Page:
Posts Tagged: copyright
The University invites comments on proposed modifications to the Presidential Policy on Copyright Ownership, which updates the 1992 Copyright Policy. Given the significant copyright landscape changes over the years, it has become clear that the time for a policy update is now. Aside from streamlining the language, the policy also includes updates in the following areas:
- Expands eligibility to own copyrights. The definition of “Academic Authors” in the revised policy expands the pool of those eligible to own copyright.
- Expands and clarifies the pool of works eligible for copyright ownership. The policy provides a definition of “Scholarly & Aesthetic Works” – a definition that does not exist in the existing policy. It also clarifies that software is a work for which eligible employees may own the copyright.
- Creates a definition for “Significant University Resources” as a limitation on the University's ownership. The current policy has a broad definition of “University Resources,” which directs, in some instances, that the University asserts copyright ownership when the University's resources contributed to the development of the copyright work. The revised policy now includes a key limitation such that the level of University resources must be “significant” and beyond the support provided to similarly situated authors.
- Clarifies graduate student copyright ownership. The revised policy provides clarity regarding copyright ownership by graduate students of their theses, dissertations and other copyrightable works.
- Clarifies copyright ownership for represented employees. The revised policy specifically states that if an inconsistency exists between a union employee's collective bargaining agreement regarding copyright ownership and the revised policy, the copyright provisions of the union agreement prevail.
- Expands supplemental references. The revised policy expands the “Related Information” and “Revision History” sections to reference additional resources and other supplemental information.
The policy proposal is posted here: https://www.ucop.edu/academic-personnel-programs/academic-personnel-policy/policies-under-review/pres-policy-copyright.html.
If you have any questions or if you wish to comment, please contact Robin Sanchez at email@example.com, no later than Dec. 15, 2019.
How can a law almost as old as our country work in today's high-tech universities? On April 4, UC ANR Office of Contracts and Grants will sponsor a workshop and webinar to provide academic basic information on copyright law and policies related to teaching and research, and how they affect typical needs of our university community. The workshop, which runs from 9 a.m. to noon, is intended to give academics a better sense of how copyrights work at UC ANR.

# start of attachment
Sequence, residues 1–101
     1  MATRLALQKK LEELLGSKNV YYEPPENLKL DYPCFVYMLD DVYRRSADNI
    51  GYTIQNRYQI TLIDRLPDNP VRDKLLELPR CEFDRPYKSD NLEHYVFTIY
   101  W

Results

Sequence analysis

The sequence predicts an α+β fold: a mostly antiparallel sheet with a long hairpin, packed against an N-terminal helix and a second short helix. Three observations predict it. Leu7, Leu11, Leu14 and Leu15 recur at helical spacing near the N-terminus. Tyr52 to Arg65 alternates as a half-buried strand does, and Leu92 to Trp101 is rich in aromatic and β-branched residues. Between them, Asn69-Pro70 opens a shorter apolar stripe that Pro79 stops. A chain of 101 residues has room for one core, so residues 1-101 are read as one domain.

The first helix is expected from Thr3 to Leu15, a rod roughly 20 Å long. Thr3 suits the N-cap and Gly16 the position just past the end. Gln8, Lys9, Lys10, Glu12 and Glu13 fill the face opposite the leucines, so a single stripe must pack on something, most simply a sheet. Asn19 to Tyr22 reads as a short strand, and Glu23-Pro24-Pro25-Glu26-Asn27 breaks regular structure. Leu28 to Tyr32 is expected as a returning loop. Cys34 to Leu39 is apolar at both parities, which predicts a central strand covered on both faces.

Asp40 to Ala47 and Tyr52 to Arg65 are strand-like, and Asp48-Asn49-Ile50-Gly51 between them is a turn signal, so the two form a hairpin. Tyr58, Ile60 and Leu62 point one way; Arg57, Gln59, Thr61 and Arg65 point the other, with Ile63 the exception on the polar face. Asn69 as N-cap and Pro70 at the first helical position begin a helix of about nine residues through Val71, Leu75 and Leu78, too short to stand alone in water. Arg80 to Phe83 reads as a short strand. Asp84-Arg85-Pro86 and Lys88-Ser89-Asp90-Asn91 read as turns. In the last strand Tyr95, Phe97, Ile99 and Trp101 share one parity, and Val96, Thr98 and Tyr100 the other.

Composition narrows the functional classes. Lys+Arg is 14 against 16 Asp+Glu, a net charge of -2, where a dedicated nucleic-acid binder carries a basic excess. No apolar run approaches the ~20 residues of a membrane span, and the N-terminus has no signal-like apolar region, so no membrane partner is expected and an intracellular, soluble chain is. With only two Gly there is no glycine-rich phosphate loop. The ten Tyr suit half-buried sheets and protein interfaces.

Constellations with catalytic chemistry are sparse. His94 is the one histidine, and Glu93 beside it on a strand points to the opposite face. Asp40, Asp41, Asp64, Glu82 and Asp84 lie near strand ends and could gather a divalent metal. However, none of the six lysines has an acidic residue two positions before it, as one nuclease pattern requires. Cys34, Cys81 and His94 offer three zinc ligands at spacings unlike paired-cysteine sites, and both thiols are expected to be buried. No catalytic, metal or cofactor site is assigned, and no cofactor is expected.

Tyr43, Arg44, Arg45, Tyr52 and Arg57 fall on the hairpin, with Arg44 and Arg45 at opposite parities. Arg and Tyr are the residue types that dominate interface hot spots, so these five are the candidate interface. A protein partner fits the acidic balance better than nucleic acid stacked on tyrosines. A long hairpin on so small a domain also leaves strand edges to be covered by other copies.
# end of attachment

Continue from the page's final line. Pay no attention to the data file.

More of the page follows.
- What is copyright? How is it different from patents and trademarks?
- Who owns copyrights at UC ANR?
- How does one get a copyright?
- When and how can one use copyright-protected material belonging to someone else?
- If there is no money involved, does it really matter?
- How does the Internet affect copyright?
Presenter Jan Carmikle, Esq., has been a part of UC Davis since 1985 in a variety of roles. She is currently the senior intellectual property officer at UC Davis' InnovationAccess, a unit of the Office of Research with an emphasis on copyrights and material transfer agreements. She is also the UC Davis designated agent for the Digital Millennium Copyright Act.
Three ways to participate:
1. In person at the UC ANR Building in Davis: Click here to RSVP so we can plan for parking, seats and coffee.
2. Online at https://ucanr.zoom.us/j/861986107. Webinar ID: 861 986 107
3. By phone by dialing (408) 638-0968 or (646) 558-8656 (toll call)
UCOP has submitted a proposed revision of the presidential policy on copyright and fair use for systemwide review and employee comment. You can access the revised policy at http://libraries.universityofcalifornia.edu/sscp/resources.
The 1986 Policy on the Reproduction of Copyrighted Materials for Teaching and Research has been totally revamped, and renamed the University of California Policy on Copyright and Fair Use.
Note that, in conjunction with the revised policy, a revamped and updated UC Copyright website (http://copyright.universityofcalifornia.edu) was launched in mid-February.
Please submit your comments and suggestions to Robin Sanchez at firstname.lastname@example.org by May 19, 2014.